One of the first things we start to see assembled are wheel-boxes. This is a tricky set of material limitations to work within - each team has been allotted just six skateboard wheels and two train wheels. Tinkerers are starting to realize that not all of their plans accounted for the vastly different radii of the two wheels, and almost none had dealt with the different mounting systems each wheel would require. 

Another tricky problem which was discussed yesterday is how to support the guide wheels. On most of our past cart iterations, these bolts gave way under any significant shift in weight, bending inward and causing the cart to derail. Collaboratively, we've come up with our possible solutions to this problem, each with slightly different trade offs. We spend a good portion of the morning sketching these and wrapping our heads around the problem. 

A real-life version of one of the potential designs, built almost four weeks ago and now partially disassembled. 

Team Nooi works out their cart base. 

The team that headed to the hardware store has returned, so we have snack, and then it's time for a long-time tradition - giving each tinkerer a knife. Before we do that, we go over the rules for knife use. 

Katelin demonstrates one of our five rules for knife use - making sure everyone is out of her "blood bubble," the zone around her the length of her arm plus the length of her blade, where she could potentially cut someone if she slipped.  The other four rules include maintaining a sharp blade, having three points of contact, locking your knife, and cutting away from yourself.

Each tinkerer shows off their skills.

Sol works on assembling guide wheels for the Piki cart. He and his team have come up with a clever solution which uses eyebolts to keep the guide wheels from bending inwards.  

Ana and Michael work together to cut their threaded rod. 

While Jo, their third teammate, works on repairing the Nooi segment of track. 

Katelin and Megan work on adding back the two segments of track that had been replaced by the turntable. 

Austin and Sol work on assembling their cart base and installing the guide wheel braces. 

Portrait of a Tinkerer: Zach, decked in a tire.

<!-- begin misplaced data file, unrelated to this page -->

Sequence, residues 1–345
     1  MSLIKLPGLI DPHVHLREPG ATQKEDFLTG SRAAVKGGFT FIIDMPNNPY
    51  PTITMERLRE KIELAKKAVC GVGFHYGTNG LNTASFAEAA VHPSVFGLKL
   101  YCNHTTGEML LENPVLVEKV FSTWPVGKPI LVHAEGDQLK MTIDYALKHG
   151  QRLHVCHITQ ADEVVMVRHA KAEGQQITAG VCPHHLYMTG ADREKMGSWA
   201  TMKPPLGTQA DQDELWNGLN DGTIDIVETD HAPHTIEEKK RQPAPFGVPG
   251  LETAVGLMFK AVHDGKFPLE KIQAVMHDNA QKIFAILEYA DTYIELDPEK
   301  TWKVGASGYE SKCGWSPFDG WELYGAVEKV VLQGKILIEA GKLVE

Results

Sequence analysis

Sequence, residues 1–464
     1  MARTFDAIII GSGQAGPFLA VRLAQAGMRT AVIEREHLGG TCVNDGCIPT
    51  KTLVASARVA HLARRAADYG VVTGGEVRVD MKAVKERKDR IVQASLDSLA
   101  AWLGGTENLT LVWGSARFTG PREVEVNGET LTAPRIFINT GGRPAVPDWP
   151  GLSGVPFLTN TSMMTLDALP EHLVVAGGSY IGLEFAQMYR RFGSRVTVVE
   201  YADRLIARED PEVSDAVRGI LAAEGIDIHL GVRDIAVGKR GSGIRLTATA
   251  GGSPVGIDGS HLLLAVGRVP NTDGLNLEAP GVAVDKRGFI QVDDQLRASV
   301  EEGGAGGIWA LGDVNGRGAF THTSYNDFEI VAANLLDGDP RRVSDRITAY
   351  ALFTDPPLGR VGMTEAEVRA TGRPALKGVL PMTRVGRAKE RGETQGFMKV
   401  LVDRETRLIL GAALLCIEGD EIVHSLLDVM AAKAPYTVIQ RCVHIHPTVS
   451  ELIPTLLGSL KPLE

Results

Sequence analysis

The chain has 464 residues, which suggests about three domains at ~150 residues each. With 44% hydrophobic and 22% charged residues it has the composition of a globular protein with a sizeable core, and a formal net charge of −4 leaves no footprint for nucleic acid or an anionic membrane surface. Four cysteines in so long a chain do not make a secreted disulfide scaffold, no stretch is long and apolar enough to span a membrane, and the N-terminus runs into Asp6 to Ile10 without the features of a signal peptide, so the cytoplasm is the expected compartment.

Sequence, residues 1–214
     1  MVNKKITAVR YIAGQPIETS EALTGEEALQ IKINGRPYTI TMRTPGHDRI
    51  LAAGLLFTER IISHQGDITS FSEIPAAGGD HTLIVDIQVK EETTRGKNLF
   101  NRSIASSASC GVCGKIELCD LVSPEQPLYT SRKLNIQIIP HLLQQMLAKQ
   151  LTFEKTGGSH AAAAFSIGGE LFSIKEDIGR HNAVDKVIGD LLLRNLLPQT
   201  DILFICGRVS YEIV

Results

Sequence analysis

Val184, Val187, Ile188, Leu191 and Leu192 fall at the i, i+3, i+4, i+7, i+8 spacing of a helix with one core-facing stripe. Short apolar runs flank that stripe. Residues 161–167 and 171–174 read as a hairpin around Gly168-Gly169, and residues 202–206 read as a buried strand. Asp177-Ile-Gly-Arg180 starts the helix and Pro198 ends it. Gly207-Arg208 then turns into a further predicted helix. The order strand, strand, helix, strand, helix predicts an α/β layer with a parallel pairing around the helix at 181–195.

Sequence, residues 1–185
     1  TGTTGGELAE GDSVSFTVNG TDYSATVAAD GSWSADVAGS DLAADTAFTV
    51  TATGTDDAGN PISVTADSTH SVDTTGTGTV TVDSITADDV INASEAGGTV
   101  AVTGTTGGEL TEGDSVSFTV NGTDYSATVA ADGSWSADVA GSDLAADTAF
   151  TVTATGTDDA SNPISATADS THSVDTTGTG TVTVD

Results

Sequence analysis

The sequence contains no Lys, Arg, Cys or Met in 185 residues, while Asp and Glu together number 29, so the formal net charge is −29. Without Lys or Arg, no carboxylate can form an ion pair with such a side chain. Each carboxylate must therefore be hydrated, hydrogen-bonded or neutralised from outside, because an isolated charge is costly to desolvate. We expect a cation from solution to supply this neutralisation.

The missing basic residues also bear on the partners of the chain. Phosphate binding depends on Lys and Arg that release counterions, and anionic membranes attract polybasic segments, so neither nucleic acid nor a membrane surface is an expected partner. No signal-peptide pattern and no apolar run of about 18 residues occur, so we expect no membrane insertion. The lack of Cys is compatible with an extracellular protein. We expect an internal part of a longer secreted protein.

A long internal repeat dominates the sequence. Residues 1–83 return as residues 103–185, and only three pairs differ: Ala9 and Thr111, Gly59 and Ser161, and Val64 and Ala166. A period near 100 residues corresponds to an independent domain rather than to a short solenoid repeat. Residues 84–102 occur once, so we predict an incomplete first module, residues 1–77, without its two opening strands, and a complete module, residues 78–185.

Jo and Ana work together to work out how their axle should be installed. 

Jake converses with Rory from the Sky Bench as he whittles. 

Audrey and Charlotte make a plan for mounting their wheel boxes to their cart base. 

One side of Team Piki's wheelbase, complete. 

Collaborator Lyman lends a hand with track repair. 

Jack takes a go with "Esmerelda," the new saw Nik just couldn't resist buying on the hardware store run. 

Portrait of a Tinkerer: Audrey's mastered the drill. 

Austin makes a cut on the chop saw. Because of the materials limits, each team must carefully think through and plan their cuts. 

Another guide wheel bracing solution, as implemented by Kablooi. They're running a 1x4 across both internal guide wheels, and relying on the compression strength of wood to keep the bolts evenly spaced. 

Lauren cuts slots meant to tighten in the axle for the train wheels. 

And then drills holes in the axle to use for screws. Mar holds and helps. 

Team Panda has cut slots in their chassis to provide clearance for their train wheels. It's quite elegant, actually. 

Both the jigsaw and the circular saw have gotten heavy, but thoughtful use today. Collaborator Serena watches as Megan cuts plates for her team. 

The jigsaw is versatile.  It turns out to be the best tool we have for cutting out our axle conduit (metal tube is apparently only pipe when it has water flowing through it). 

Austin and Sol act out how their hand crank system will work for the camera. They plan to attach an axle there, then belt down to the drive axle across the bottom that they also haven't installed quite yet. We're at a cool stage of the project - tinkerers now have tangible image of how their carts will look, and a clear grasp on how much work it will take to get there. As a whole, that's about right for a Tuesday afternoon. 

Our superhero: Collaborator Jay shows off his moves. 

It's Taco Tuesday! We lay out a beautiful spread. After a long day of work, tinkerers are hungry. 

After dinner, we fall into some fun with pool noodles. 

Then head up to the playground for some fun with tire swings. 

There's something sort of magical about riding atop a tire. 

Ana enjoys a ride.

We rediscover the kittens. They bring just as much joy tonight as they did yesterday, and they're still just as soft. 

Portrait of a Tinkerer: Pascal's Tube. 

Today, we thought about all sorts of ways to make carts roll. But we did more than think - we enacted our designs, and we made strong, clear progress. We solved problems as they arose, changed plans, and tinkered. We're starting to see the first of our wheelbases emerge. Even if our carts don't themselves roll yet, we're rolling, and gaining momentum, and it's kind of awesome to watch.